From Sloth to Super-Dad: How Ben Lost 100 lbs

ben progress picture

Meet Ben, a 44-year-old fundraising and software consultant and father of two!

Just earlier this year, Ben was living a sedentary life. At 280 lbs, classified as “morbidly obese,” Ben found he was unhappy with his current track, out of energy, and in need of a change. As someone who worked out of a home office, he spent much of his day at home on his computer, and very little time moving more and eating better.  He was lost, and looking for a home to help with his weight loss journey.

Ben decided he wanted to get healthy, found Nerd Fitness, and over the next 10 months lost over 100 lbs. He started strength training, ran a half marathon, and more.

How did he do it?

Let’s find out.

Ben’s story

ben before after

Steve: Hey Ben! Thanks for taking the time to answer some questions dude.  What got you motivated to start? When did you make a change?

My wife was pregnant with our second daughter (born in April 2013). I realized that I’d be 62 years old when she’s a high school senior and at the rate my health was declining due to weight gain, I might not even make it that far. I needed to do this for my family. That, combined with the fact that I was feeling uncomfortable in all my clothes and embarrassed about how big I had gotten prompted things.

Steve: That’s quite the wake up call. The old you spent a lot of time your free time at home on the computer. What about the new you?

The early morning gaming/internet time has changed to exercise time, usually running. I hit the gym at lunchtime 3-4 days a week, and even spend a lot more time planning my meals out than I used to.

Steve: What about your exercise strategy?

I started off just trying to get moving. I knew that I wanted to do 3-4 days of 30+ minutes cardio and 3-4 days of strength training per week.  It wasn’t until I found NF that I truly learned what a quality strength program looked like.  On the cardio side, I was terribly out of shape and couldn’t jog slowly for more than a minute without getting terribly winded. So, for the first week or two my cardio workouts consisted of one minute jogging followed by three minutes walking, repeated 8 times (like Interval Training). It never occurred to me that less than 6 months later I’d be able to run the distance of a half marathon without stopping.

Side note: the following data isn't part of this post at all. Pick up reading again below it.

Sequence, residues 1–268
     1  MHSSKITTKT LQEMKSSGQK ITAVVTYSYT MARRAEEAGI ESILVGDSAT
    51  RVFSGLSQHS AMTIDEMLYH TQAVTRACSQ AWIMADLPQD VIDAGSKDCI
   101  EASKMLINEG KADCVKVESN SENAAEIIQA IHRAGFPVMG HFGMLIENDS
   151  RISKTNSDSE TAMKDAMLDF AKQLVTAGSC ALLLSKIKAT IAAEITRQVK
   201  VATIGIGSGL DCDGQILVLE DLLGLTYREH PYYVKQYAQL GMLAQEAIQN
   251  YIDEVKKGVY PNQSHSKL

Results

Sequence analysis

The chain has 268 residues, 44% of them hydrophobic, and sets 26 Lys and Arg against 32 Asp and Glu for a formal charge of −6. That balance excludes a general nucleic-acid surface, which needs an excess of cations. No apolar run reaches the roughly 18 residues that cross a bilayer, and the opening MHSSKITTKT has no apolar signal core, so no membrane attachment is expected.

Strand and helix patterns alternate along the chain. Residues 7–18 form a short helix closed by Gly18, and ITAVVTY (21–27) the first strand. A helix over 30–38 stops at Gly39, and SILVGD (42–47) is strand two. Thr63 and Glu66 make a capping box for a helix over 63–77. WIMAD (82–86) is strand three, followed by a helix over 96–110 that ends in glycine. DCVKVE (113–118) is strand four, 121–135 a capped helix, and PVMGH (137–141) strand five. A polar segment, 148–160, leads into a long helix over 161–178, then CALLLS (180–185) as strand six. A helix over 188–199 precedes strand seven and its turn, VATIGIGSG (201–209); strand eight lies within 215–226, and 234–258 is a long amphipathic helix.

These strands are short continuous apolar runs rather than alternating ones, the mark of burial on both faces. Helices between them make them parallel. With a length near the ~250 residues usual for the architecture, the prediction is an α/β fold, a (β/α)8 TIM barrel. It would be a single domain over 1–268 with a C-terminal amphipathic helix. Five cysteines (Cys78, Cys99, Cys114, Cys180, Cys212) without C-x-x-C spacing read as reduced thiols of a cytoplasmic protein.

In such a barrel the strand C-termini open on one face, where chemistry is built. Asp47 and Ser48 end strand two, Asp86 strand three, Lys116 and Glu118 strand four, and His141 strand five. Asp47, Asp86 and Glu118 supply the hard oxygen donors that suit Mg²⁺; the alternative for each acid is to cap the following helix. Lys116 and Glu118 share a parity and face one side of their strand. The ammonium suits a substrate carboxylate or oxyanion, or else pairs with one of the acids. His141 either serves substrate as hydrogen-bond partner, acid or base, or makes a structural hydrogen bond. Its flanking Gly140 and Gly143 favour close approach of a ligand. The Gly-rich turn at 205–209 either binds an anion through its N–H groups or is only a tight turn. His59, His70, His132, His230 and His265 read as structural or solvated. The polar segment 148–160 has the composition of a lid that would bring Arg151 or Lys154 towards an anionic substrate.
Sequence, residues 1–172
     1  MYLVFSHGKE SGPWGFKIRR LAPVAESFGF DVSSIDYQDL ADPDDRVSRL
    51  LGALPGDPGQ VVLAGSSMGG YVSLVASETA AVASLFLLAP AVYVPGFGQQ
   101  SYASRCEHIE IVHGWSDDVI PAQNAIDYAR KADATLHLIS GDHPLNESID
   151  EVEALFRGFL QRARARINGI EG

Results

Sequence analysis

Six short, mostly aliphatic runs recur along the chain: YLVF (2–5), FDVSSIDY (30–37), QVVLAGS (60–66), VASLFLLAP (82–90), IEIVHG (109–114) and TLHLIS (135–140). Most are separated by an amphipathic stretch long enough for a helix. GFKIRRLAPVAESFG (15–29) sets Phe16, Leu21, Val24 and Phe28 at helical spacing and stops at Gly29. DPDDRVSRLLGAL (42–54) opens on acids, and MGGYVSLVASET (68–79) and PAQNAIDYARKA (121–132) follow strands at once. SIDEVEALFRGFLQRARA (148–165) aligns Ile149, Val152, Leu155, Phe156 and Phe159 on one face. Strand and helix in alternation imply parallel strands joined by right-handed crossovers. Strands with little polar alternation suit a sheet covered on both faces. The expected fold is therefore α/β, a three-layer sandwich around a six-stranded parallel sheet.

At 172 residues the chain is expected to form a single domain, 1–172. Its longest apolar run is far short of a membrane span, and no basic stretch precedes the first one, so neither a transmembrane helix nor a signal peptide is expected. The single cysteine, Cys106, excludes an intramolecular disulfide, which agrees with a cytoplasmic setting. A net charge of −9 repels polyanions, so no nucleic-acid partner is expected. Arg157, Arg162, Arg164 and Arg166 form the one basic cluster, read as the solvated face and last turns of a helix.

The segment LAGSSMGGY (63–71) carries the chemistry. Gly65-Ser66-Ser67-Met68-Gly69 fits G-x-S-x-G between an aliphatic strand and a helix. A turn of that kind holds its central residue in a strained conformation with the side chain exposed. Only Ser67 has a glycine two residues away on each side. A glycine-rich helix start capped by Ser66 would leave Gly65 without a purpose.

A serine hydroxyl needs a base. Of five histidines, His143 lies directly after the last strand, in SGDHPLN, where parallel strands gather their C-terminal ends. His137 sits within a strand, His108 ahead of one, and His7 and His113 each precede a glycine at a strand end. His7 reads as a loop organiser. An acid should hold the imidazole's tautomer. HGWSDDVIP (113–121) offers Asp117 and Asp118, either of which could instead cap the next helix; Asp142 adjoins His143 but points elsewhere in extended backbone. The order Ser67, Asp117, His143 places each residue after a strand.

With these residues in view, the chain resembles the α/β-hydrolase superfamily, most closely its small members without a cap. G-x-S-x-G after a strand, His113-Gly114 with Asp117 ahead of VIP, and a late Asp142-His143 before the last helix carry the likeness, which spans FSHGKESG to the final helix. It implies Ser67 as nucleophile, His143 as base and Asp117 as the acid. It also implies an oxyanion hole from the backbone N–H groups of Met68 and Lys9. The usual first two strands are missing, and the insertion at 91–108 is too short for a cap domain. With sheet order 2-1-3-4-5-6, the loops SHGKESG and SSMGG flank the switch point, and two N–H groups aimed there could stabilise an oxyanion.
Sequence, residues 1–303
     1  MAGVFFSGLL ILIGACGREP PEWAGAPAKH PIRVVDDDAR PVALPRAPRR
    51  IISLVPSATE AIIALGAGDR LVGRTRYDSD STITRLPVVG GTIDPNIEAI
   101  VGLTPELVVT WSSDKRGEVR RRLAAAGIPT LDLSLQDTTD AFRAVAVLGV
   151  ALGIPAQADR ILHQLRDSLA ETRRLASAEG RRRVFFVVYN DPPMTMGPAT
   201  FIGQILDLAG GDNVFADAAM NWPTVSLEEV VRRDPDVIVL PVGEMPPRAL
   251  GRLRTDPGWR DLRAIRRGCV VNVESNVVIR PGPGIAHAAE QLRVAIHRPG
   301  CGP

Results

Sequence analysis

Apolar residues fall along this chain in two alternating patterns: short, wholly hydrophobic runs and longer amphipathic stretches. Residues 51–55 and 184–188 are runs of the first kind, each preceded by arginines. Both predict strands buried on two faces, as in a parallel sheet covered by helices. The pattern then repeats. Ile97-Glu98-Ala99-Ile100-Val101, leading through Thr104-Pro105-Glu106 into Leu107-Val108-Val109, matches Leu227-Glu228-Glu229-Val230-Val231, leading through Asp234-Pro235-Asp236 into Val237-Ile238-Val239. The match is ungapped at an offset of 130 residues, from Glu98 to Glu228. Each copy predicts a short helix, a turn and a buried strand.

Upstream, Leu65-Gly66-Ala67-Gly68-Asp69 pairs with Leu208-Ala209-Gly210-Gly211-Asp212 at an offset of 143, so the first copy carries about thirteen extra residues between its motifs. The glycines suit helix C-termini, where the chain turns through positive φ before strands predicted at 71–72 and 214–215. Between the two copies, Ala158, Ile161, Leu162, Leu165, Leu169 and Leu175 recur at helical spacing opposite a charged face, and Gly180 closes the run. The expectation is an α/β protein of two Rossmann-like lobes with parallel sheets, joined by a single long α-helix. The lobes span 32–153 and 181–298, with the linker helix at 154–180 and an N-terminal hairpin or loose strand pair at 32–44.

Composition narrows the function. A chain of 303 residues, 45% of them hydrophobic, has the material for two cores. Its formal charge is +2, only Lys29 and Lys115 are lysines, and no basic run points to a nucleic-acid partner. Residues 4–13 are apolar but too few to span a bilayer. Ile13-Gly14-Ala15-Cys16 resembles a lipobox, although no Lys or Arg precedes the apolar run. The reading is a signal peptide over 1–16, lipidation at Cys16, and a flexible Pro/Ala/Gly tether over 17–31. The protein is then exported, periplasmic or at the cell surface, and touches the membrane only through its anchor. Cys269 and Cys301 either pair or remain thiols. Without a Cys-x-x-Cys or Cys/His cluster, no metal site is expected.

Steve: Give us and example of a workout!

As I gear up for a race in March, I run 3 days per week, approximately 4 hours total. Strength training is at around 3 hours per week. One of the big takeaways I got from Nerd Fitness was that to achieve the goals I set, I needed to work on both cardio AND strength train. I do two days upper body and just one day lower body strength training. Upper body is typically alternating between push and pull, something like this:

  • dumbbell bench press
  • dumbbell row
  • pushups
  • low-bar inverted rows
  • dips
  • pull-ups

Lower body is pretty straightforward: squats, lunges, and leg presses.


Steve: What about your diet? Did you use a specific strategy or just look eat healthier overall?

I haven’t followed any specific diet strategy, though I’ve certainly pulled elements of several different ones. Overall, my diet has evolved to be what I consider to be extremely “clean,” though I realize that proponents of various diets might disagree. Basically, I now view all food as fuel for my workouts and daily life, and I want to perform as well as I can, so I try to use the best fuel that I can. Here are some of my go-to foods:

  • Pre-Run Snack: a grapefruit, some strawberries, or a homemade protein bar made with blueberries, flax seed, rolled oats, steel cut oats, safflower oil, raw honey, and whey protein.
  • Breakfast: Usually one of two options: Greek yogurt, granola, and berries, or steel-cut oatmeal with cinnamon, apples, and blueberries. Boiled egg(s)
  • Lunch and Dinner: Usually 6-10 oz. of lean meat (flank steak, grilled chicken breast, grilled salmon or tuna, smoked turkey) with one or two sides such as broccoli, grilled mixed veggies, short-grain brown rice, quinoa, black beans, homemade guacamole, sweet potatoes, baby spinach salad topped with olive oil and vinegar

Steve: How exactly did your diet evolve – what were some of the first changes you made?

Very early on, I just focused on reducing my caloric intake.

At that point, I didn’t really look at the quality of food I was eating or macronutrient content. It was purely “you have a budget of ~2100 calories per day to lose 2 pounds per week. Eat ~2100 calories per day.” I mean, I pretty frequently ate pulled pork or ribs with sugar-sweetened BBQ sauce in January and February of this year. As I started to read Nerd Fitness and other sites and gain some experience, I came to realize that healthier foods (especially leaner proteins) would help me feel more full because I could eat more of them, and they’d also help increase the rate of fat loss.

What I didn’t realize until it started happening for me was how much eating healthier would help with fitness performance. Once I saw my lifting numbers increase and my running times decrease rapidly with better nutrition, I was hooked.